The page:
What to Know About Hay Bale Gardening

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First things first: Hay bale gardening bales are most often made of straw. They're a smart, economical version of container gardening, by any name.

If you aren’t ready to till part of your lawn and there’s no room in your budget for raised beds, don’t give up on starting a garden! There’s another way to grow tomatoes, cucumbers, lettuce and lots of other vegetables.

More than 20 years ago, Straw Bale Solutions author Joel Karsten created an alternative gardening method when he needed a low-cost way to grow vegetables. He discovered bales of organic straw, hay or other quick-composting materials can replace the need for soil, while offering fresh nutrients to plants. The outer shell of the bales also insulates plants, offering early-season frost protection while keeping roots cool during summer’s peak heat.

“Straw bale gardening is simply a different type of container gardening,” Karsten says. His easily adaptable process, also known as hay bale gardening, has been so successful it’s caught on across the globe, from isolated areas of rural Cambodia to urban areas of the Philippines.

Why Choose Hay Bale Gardening?

Here are four strong reasons to give hay bale gardening a try:

Affordability

A straw bale is considerably easier on the budget than raised beds and soil. While it might cost a few hundred dollars for the wood to build garden beds, a bale averages $5 to $10 if purchased directly from a farm. Bales should last a full season or two.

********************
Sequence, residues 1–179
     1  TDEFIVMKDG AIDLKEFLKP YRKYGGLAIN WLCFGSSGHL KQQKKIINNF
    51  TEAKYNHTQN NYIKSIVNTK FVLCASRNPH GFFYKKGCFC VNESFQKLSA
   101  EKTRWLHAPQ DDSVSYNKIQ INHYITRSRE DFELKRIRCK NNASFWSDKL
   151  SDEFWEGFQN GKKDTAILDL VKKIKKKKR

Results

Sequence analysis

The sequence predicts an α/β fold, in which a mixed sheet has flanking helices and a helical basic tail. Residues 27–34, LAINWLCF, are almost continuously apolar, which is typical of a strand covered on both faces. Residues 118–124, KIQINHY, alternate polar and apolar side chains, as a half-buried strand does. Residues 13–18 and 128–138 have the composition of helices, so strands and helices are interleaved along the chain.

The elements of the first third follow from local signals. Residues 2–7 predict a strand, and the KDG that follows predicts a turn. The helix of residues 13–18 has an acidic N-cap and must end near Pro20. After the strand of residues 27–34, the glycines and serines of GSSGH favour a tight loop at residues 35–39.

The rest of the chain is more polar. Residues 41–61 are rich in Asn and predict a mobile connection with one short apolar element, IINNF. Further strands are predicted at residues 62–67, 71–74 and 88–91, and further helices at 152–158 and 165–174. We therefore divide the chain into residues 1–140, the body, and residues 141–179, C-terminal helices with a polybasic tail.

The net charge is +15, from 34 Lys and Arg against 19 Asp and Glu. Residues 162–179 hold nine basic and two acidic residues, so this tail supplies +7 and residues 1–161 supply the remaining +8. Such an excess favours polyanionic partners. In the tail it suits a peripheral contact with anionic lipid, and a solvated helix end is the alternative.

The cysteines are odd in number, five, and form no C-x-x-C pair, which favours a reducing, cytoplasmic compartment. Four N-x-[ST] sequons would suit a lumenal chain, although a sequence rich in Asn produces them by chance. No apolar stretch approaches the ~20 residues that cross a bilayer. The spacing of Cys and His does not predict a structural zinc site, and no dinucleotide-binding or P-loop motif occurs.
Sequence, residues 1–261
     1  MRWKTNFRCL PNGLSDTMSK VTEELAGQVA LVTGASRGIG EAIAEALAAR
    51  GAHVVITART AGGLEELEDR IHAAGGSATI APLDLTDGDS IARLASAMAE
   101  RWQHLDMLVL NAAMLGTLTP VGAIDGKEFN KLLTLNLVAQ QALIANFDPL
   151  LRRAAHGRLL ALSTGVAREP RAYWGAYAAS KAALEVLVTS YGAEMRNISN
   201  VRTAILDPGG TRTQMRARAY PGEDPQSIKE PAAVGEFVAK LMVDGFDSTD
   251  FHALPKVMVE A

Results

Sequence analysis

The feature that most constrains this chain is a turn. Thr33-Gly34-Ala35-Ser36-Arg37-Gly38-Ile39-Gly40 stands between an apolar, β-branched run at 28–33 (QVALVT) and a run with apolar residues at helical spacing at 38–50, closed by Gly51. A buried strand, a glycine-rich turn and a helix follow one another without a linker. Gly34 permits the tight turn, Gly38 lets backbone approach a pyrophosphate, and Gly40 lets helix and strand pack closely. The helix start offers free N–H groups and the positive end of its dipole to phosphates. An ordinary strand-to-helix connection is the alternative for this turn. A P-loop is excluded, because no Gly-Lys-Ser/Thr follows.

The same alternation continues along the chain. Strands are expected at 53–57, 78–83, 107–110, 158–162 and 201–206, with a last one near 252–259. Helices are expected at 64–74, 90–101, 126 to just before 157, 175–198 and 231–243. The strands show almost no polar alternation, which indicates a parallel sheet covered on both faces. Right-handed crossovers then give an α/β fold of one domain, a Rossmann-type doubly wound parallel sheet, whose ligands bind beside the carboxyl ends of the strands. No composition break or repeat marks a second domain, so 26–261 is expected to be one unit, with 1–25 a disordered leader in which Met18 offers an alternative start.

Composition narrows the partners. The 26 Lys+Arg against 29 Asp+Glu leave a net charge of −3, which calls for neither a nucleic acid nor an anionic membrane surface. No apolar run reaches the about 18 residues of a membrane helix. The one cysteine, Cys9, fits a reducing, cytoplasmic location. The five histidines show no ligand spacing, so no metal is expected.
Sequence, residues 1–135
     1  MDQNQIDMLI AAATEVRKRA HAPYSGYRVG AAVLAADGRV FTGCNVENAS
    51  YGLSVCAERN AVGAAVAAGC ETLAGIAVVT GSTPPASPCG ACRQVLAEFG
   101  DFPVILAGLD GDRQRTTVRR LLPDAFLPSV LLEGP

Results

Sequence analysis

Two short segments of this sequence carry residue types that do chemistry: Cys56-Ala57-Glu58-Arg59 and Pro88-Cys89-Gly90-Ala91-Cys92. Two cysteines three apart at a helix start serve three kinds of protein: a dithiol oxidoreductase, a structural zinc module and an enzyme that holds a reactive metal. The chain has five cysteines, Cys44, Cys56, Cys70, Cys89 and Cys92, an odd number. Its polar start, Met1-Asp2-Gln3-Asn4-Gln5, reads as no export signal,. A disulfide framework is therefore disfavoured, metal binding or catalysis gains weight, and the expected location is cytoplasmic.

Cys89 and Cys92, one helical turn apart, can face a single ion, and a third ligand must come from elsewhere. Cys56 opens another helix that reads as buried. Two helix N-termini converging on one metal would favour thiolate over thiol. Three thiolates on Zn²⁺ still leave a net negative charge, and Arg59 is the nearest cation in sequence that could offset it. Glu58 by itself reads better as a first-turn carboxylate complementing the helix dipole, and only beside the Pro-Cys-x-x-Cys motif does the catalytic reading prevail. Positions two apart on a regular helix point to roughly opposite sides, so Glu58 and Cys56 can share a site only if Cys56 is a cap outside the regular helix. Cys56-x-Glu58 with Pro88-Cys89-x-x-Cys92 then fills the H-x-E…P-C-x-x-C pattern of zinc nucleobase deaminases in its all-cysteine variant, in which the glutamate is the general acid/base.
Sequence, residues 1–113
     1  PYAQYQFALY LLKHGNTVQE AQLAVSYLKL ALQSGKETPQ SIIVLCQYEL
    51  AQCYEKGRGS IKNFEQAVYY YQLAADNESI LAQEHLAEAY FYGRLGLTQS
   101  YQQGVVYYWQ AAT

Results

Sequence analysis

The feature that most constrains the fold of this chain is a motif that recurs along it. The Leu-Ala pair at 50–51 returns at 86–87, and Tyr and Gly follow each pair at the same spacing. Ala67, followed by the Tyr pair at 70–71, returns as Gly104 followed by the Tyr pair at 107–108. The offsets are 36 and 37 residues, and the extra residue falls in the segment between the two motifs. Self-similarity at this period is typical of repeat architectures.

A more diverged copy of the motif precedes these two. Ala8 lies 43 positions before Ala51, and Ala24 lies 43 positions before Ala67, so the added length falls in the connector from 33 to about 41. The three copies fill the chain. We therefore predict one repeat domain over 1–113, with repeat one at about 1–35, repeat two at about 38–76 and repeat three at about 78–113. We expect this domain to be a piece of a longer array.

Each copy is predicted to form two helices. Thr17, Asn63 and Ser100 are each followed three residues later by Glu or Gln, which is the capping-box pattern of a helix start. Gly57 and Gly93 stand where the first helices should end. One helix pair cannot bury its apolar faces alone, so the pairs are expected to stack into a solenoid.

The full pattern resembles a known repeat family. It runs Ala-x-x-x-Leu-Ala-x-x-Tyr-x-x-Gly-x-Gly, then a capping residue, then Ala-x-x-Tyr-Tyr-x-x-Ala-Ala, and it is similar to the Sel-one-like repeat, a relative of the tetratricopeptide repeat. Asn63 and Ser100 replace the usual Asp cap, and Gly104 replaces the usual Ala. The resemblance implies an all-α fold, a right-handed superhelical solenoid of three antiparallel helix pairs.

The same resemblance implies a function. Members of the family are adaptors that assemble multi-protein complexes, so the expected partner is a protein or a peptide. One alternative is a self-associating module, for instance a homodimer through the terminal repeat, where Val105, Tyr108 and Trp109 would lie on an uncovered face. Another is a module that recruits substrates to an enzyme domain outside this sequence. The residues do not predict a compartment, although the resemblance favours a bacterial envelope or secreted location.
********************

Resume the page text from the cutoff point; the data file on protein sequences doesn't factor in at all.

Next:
Accessibility

The height of a bale makes plants easier to reach and tend for anyone in a wheelchair or unable to kneel easily. No tilling or heavy tools are needed, although a small hand trowel and pruner are helpful for planting and harvesting vegetables.

No Soil Required

If you lack good soil, a bale gives you a place to plant. It also elevates plants above the soil line, so they are less vulnerable to soil-borne fungi, diseases and insects.

Bale Basics

Straw Bales vs. Hay Bales

Straw bales are yellow-gold rectangular cubes made of densely packed dried stems or stalks left over after harvesting wheat, oats, barley and other grains. These bales typically hold up best throughout the growing season and provide great insulation.

Hay bales are greenish rectangular cubes of forage crops, such as clover and alfalfa. They may have some stray seeds in them and are not quite as sturdy as straw bales.

Where to Buy Bales

You may be able to find ready-made hay or straw bales at farm, garden or home centers. Another option is to check the online straw bale marketplace, Craigslist and Facebook Marketplace for local farmers selling bales. Another hack from Karsten for penny-pinchers: Watch for autumn displays using straw bales, and ask if you can have the bales when the season’s over. Save them for spring conditioning and planting.

If you go through online retailers, watch carefully for sizes so you don’t end up with a tiny bale meant to accent a flower bouquet or loose straw meant for animal bedding or mulch. Standard bale sizes should be about 16 inches by 18 inches, and run about three feet long. They should be tightly wrapped two or three times with twine.

DIY Bales

Technically, you can use anything dense and compostable to create your own bale. You can try grass clippings or leaves pressed into a rectangular bin for the shape. Add some water to help bind the materials together. Karsten advises wrapping a bale made of looser materials with twine or chicken wire.